England and Wales has officially experienced the wettest summer for 100-years in 2012, according to new figures released by the Press Association, leaving golfers frustrated at cancelled competitions and golf breaks.
New figures released by MeteoGroup, the weather division of the Press Association, showed that 14.25in (362mm) of rain has fallen in June, July and August so far, making it the wettest summer since 1912.
Invitation to dry out in Suffolk
In response to the negative news, a golf hotel in one of the driest parts of Britain has issued an open invitation for golfers to come and dry out at its James Braid designed seaside course, which enjoys one of the lowest rates of rainfall in the British Isles.
Thorpeness Hotel and Golf Club in Suffolk, Eastern England, has only closed for an average of three days per year over the past four years, despite winters blighted by ice and snow and unusually mild wet summers, and refuses to allow 2012 to be washed out for golfers.
Christopher Oldrey, golf operations manager and PGA Professional at Thorpeness Hotel and Golf Club, said: “We know that there are a lot of fed up golfers in the UK right now who have had golfing trips and club competitions cancelled due to this summer’s never ending downpours.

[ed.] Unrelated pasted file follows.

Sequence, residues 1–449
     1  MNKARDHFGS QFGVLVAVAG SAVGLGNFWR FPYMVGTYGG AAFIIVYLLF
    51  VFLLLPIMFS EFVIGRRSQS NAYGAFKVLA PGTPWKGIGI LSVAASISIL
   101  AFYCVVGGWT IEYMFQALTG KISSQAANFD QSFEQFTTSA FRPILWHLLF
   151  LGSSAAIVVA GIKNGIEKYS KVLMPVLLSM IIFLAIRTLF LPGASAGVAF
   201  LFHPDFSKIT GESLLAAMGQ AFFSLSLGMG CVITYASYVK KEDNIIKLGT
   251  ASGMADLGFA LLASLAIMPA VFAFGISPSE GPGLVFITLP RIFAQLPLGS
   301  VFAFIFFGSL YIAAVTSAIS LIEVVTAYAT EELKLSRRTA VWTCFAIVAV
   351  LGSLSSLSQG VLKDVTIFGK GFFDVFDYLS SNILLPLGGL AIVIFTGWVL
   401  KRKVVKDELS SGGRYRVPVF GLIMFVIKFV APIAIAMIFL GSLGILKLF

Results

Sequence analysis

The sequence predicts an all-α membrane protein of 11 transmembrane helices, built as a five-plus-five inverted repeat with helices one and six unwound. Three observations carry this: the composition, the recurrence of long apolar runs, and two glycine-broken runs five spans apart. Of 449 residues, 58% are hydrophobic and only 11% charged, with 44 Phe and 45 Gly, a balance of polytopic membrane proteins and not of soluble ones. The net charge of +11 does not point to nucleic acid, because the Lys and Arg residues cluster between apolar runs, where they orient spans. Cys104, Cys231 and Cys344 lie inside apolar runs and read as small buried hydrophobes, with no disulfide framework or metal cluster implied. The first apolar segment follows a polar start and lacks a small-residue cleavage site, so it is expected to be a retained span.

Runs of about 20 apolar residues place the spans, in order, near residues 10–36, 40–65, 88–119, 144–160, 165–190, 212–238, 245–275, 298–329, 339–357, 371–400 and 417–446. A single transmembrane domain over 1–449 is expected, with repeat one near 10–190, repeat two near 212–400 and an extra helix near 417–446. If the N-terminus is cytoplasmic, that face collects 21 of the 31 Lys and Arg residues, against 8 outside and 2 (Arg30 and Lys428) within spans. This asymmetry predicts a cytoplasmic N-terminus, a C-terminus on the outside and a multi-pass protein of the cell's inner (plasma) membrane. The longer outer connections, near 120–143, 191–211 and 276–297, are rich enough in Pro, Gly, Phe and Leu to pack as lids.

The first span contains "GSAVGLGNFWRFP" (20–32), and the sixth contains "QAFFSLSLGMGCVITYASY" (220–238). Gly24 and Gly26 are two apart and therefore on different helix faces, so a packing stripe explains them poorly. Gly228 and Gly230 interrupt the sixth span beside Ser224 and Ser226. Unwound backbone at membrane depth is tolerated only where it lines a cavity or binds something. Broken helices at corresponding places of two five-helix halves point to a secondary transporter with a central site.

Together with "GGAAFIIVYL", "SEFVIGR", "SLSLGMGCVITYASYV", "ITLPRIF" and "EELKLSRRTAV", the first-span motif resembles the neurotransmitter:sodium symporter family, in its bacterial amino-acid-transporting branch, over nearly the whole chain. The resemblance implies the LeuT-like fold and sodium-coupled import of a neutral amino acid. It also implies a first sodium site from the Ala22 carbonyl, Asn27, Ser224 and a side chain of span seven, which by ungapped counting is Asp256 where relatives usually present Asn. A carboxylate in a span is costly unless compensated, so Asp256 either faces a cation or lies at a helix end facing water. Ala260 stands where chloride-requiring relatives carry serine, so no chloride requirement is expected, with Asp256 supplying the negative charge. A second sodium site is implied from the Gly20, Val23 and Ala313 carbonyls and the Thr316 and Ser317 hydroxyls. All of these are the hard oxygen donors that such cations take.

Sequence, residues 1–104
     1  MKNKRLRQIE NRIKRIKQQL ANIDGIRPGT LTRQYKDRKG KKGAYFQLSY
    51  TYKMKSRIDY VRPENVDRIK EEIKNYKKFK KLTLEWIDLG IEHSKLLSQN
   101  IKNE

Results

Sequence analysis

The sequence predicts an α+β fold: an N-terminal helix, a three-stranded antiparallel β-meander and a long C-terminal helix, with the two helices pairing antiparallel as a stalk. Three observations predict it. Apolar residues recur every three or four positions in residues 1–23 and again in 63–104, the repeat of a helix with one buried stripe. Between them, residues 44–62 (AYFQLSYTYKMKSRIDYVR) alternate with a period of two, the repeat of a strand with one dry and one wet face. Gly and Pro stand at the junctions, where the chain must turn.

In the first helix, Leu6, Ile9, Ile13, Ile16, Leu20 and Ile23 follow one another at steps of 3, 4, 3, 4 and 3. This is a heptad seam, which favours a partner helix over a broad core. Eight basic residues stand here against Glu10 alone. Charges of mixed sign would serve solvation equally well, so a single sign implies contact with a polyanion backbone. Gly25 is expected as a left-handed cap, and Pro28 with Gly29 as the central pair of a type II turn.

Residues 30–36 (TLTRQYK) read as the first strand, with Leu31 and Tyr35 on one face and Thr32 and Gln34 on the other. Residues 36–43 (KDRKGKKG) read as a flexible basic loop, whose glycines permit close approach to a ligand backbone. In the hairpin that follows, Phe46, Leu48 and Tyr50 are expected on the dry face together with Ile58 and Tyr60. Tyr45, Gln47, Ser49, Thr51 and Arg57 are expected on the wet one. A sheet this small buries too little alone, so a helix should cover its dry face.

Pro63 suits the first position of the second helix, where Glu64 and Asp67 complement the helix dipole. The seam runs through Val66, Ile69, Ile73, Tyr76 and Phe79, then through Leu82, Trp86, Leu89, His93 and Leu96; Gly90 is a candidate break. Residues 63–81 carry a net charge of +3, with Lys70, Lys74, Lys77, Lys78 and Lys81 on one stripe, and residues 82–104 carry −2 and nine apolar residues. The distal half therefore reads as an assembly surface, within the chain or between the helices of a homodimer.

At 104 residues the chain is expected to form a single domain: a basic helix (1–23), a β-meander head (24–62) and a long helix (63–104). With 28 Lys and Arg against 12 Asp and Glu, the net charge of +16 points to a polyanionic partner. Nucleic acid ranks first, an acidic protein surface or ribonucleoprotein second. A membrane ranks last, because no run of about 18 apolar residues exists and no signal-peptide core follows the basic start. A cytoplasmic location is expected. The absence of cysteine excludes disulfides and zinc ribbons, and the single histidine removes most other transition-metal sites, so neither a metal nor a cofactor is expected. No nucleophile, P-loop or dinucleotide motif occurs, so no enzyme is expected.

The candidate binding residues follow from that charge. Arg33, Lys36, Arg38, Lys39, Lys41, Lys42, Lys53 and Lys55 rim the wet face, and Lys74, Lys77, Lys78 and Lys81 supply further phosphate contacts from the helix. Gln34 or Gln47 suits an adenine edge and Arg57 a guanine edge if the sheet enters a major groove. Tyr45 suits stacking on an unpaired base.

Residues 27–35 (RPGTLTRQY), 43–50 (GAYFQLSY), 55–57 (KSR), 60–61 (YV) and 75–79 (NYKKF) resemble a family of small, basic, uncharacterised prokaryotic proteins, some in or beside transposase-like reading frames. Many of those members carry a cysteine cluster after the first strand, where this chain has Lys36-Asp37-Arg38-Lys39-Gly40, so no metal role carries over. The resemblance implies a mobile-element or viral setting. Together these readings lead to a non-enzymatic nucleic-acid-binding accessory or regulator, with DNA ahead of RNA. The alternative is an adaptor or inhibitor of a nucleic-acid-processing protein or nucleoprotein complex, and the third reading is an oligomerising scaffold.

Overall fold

Thorpeness is often described as the “best-kept secret” in Suffolk Golf, because we have very low rainfall and hardly ever close our course, plus we are built on sandy soil that drains quickly when it does rain.
We want to get the word out there that we are as dry as anywhere in Britain, in great condition and open for business should golfers wish to make the most of what’s left of light nights and warmer days.”
The 18-hole par 69 course is situated on a low lying flat coastal plain in an area of outstanding natural beauty that enjoys a warm, mild and dry micro climate.
Suffolk was the driest part of the UK in 2009 with only a mere 22.5mm of rain in August.
Suffolk’s annual rainfall is generally as little as one fifth of that in the West Country and only half that of the South Coast. The county has an excellent sunshine record when compared to the rest of the UK enjoying around two hours more sunshine per week than the national average.
Thorpeness offers a range of great value golf breaks that also combine cultural activity, distinctive local food and drink, and are available throughout the year.
For £150 per person, a golfer can stay on the Suffolk Ale and Golf Trail break and combine 36-holes at Thorpeness with brewery tours at 100-year-old Suffolk brewer Adnam’s.
Alternatively, in September golfers can save up to £120 on breaks including bed and breakfast, golf and a three-course dinner.
“Winter is one of our busiest seasons and it’s because our course stays so playable year round and when courses start closing in England’s Southern Counties, it’s not far to travel to Suffolk for a day’s golf and great hospitality,” added Mr. Oldrey.
The Braid designed course winds its way through an area of pine firs, gorse and heather and is overlooked by Suffolk’s famous “House in the Clouds.”
It is part of the Thorpeness Village – a fantasy holiday destination created in the 1920’s by a wealthy Scottish barrister – and which has the Meare, a manmade boating lake, which inspired author J.M Barrie when he wrote the story of Peter Pan.
For more about Thorpeness: www.thorpeness.co.uk